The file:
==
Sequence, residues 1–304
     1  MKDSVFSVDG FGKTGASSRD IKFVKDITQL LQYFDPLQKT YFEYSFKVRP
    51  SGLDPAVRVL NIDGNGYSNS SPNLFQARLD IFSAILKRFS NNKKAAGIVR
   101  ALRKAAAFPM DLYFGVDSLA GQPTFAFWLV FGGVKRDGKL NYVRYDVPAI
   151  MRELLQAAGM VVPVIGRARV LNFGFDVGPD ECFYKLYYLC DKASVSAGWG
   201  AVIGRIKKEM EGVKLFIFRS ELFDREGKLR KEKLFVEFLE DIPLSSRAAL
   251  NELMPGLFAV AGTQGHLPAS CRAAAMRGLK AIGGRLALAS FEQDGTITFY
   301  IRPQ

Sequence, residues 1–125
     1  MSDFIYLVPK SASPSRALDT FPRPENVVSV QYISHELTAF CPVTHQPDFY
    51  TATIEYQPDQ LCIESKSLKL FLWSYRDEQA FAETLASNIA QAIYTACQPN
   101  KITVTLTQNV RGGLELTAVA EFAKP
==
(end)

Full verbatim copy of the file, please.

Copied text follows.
Sequence, residues 1–304
     1  MKDSVFSVDG FGKTGASSRD IKFVKDITQL LQYFDPLQKT YFEYSFKVRP
    51  SGLDPAVRVL NIDGNGYSNS SPNLFQARLD IFSAILKRFS NNKKAAGIVR
   101  ALRKAAAFPM DLYFGVDSLA GQPTFAFWLV FGGVKRDGKL NYVRYDVPAI
   151  MRELLQAAGM VVPVIGRARV LNFGFDVGPD ECFYKLYYLC DKASVSAGWG
   201  AVIGRIKKEM EGVKLFIFRS ELFDREGKLR KEKLFVEFLE DIPLSSRAAL
   251  NELMPGLFAV AGTQGHLPAS CRAAAMRGLK AIGGRLALAS FEQDGTITFY
   301  IRPQ

Sequence, residues 1–125
     1  MSDFIYLVPK SASPSRALDT FPRPENVVSV QYISHELTAF CPVTHQPDFY
    51  TATIEYQPDQ LCIESKSLKL FLWSYRDEQA FAETLASNIA QAIYTACQPN
   101  KITVTLTQNV RGGLELTAVA EFAKP